With AVR flash you have to write 128 byte blocks. If you write only 1 byte to the block, all 128 get written == wear. You get time to write all 128 but if you don't, 128 still get writ.

I have been told here that AVR EEPROM writes in 4 byte blocks and IIRC can change at least 100K times.

So far the only flash I write data to at runtime is on SD.

You think so? I was thinking about storing the bitmaps in the chip with an individual sketch, then simply read it when needed in my real sketch to print on displays.

If you know the patterns ahead of time, store them in flash using PROGMEM code.

GoForSmoke:
If you know the patterns ahead of time, store them in flash using PROGMEM code.

That's what I used to do, but it took like 20% of program space for a single bitmap. thats why I came up with the EEPROM solution. Won't it be better?

If you don't have room then yes since it is that or buy a bigger controller chip. The ATmega1284P has 128K flash and 16K RAM for instance (you can get boards with that chip or roll your own) and the Arduino Mega2560 has 256K flash. However I think that external EEPROM on an Uno would be cheaper.

Another possible is to use an SD module and card. You get gigs of space and can read/write SD on your PC.

So that'd be some 6 kB per image. Not much for an image file but a lot for an Arduino.

Flash chips are cheaper per byte - but maybe cost a bit more per piece. For your storage needs I can imagine an EEPROM chip is big enough. Slowish to write, but that's a one off.

Another thing to concern: EEPROM has a wide voltage range, 2-5.5V or so, while SPI flash requires 3.3V, max 3.6V or so, making it harder to interface with a 5V Arduino. Requires level shifting for the signals as well.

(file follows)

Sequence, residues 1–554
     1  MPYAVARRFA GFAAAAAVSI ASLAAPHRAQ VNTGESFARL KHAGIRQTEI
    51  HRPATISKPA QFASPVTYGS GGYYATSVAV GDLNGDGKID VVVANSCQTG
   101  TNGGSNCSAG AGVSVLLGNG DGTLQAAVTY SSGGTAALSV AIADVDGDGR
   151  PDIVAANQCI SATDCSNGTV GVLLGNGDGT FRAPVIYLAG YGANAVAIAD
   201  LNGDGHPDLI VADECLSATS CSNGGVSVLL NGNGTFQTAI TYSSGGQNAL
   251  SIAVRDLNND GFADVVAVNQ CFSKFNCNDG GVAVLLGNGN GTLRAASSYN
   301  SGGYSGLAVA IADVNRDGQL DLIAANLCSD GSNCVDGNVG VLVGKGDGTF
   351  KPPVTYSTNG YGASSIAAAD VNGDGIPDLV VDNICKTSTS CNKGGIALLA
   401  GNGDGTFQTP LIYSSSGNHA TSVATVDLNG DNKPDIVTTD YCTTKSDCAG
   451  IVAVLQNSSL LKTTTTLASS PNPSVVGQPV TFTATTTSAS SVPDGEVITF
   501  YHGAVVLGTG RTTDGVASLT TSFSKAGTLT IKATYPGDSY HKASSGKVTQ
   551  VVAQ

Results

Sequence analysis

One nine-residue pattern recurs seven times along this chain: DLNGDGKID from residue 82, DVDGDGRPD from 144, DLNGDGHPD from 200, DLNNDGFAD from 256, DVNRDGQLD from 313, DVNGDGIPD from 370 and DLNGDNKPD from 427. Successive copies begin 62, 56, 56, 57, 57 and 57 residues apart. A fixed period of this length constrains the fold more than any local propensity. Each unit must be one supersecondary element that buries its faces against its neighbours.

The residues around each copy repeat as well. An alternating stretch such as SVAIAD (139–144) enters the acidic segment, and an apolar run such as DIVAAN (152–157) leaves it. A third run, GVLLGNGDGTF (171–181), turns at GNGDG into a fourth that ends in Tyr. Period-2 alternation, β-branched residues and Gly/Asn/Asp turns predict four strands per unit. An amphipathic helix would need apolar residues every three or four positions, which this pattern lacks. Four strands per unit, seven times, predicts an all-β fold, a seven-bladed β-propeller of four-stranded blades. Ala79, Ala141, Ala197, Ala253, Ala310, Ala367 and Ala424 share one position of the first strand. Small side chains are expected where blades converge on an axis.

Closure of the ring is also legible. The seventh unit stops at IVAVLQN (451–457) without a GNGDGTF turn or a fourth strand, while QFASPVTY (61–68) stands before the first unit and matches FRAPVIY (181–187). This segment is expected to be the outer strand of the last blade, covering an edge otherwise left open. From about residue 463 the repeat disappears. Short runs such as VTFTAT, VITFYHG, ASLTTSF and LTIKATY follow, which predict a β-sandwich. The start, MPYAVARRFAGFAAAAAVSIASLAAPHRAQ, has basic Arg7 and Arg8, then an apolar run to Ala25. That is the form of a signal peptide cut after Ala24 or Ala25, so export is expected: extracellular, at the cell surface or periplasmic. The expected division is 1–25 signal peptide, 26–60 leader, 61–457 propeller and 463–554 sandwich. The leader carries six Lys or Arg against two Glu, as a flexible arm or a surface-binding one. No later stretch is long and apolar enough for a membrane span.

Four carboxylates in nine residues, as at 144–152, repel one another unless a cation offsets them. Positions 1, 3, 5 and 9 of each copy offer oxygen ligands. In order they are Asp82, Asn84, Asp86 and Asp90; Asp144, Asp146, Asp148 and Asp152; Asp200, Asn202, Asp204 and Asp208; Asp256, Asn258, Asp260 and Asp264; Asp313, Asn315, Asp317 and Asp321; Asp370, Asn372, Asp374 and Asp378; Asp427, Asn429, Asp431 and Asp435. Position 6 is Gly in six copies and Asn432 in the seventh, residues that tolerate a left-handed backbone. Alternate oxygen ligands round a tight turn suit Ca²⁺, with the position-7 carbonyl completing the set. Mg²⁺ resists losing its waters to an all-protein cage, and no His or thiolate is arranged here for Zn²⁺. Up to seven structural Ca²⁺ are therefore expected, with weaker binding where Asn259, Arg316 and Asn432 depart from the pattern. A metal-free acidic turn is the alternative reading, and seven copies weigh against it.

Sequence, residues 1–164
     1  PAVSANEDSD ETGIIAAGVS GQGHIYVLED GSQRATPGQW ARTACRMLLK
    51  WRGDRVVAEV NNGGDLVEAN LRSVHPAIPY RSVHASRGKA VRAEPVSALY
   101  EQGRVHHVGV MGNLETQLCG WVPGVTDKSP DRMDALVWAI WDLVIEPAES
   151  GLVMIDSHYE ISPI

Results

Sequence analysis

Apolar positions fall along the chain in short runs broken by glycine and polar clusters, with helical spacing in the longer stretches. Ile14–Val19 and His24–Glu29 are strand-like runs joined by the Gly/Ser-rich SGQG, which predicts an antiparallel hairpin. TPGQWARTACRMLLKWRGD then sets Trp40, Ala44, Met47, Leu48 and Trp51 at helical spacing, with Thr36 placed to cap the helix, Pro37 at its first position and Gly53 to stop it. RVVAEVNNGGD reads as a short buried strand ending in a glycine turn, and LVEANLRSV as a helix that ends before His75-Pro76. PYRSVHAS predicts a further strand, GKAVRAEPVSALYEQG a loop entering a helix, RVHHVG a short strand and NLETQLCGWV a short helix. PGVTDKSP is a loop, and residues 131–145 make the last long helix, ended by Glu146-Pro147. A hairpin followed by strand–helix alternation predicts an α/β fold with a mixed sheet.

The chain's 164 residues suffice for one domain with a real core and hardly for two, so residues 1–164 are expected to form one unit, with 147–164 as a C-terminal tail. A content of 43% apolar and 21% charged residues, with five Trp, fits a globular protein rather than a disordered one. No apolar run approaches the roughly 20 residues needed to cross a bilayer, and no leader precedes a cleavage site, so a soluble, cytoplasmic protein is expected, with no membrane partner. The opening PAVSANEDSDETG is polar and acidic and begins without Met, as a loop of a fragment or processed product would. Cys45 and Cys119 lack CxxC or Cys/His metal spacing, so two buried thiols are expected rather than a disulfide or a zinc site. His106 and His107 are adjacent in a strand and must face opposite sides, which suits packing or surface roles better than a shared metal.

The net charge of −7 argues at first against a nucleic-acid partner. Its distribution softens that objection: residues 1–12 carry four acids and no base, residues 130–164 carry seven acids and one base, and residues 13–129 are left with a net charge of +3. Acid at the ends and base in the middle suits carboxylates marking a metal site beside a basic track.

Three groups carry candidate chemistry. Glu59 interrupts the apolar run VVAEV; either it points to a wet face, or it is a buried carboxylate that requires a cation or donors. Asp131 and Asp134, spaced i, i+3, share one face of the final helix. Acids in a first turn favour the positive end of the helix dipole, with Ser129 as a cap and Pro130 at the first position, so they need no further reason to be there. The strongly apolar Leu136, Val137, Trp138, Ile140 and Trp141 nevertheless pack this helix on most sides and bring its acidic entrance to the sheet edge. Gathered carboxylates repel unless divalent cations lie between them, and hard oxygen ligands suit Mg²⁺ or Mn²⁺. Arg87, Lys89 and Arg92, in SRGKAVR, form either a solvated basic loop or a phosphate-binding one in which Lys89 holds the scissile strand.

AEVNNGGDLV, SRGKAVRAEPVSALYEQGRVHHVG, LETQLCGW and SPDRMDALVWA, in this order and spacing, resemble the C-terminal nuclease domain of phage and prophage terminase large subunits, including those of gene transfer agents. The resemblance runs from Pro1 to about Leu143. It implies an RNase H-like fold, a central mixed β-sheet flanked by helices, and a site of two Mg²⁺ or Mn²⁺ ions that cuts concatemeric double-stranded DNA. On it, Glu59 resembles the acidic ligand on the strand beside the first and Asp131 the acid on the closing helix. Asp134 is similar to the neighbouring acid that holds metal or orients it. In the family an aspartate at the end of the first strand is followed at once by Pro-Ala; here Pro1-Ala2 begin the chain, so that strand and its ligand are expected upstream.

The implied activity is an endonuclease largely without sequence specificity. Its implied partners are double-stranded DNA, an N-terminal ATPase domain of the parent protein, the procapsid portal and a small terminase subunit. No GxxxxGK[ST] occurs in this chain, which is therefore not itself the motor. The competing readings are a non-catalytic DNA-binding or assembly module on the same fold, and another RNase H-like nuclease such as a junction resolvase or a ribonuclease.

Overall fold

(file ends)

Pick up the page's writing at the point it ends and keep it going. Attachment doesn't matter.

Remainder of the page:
GoForSmoke:
With AVR flash you have to write 128 byte blocks. If you write only 1 byte to the block, all 128 get written == wear. You get time to write all 128 but if you don't, 128 still get writ.

With an ESP8266 it's even worse. Its blocks are 4096 bytes, and its EEPROM is emulated in Flash, a single block of it (so you get 4096 bytes of it). Flash wears out after some 10k writes or even less, much faster than EEPROM. That's where my project stems from. I have to write fairly regularly to EEPROM, a few times an hour or so, and that's not comfortable in flash when the project is supposed to operate for years.

AVR datasheet -- Write/Erase Cycles: 10,000 Flash/100,000 EEPROM

Those are guaranteed cycles, I would not be greatly surprised to get 33-50% more.

I have seen tests with the EEPROM of an ATmega which claimed to reach a couple million writes, before it broke.

The 24LC256 datasheet says you have at least 1 million writes.

GoForSmoke:
I have been told here that AVR EEPROM writes in 4 byte blocks and IIRC can change at least 100K times.

The AVR EEPROM is written in 4 byte ONLY by an external programmer. When written from a running program it is always accessed as single bytes. There is no way to write a whole page (to write faster) but you don't wear out other bytes in the page.

The size of Flash page depends of total Flash amount of given chip. It is always erased and written as a whole page. AFAIK only erasing (turning all bytes in a page to 0xff) causes Flash wear, not writing. But writing cannot turn 0 into 1.

Smajdalf:
The AVR EEPROM is written in 4 byte ONLY by an external programmer. When written from a running program it is always accessed as single bytes. There is no way to write a whole page (to write faster) but you don’t wear out other bytes in the page.

If I write byte 0 and then byte 7, what happens to bytes 1,2,&3?

The size of Flash page depends of total Flash amount of given chip. It is always erased and written as a whole page. AFAIK only erasing (turning all bytes in a page to 0xff) causes Flash wear, not writing. But writing cannot turn 0 into 1.

Like old Etch-a-Sketch. The old data is not preserved and new data is scraped locations. If you want to change less than the whole page you need a pre-erase-and-write copy, a 128 byte buffer.

Battery back the Arduino and spi SRAM will do for storage that won’t wear out.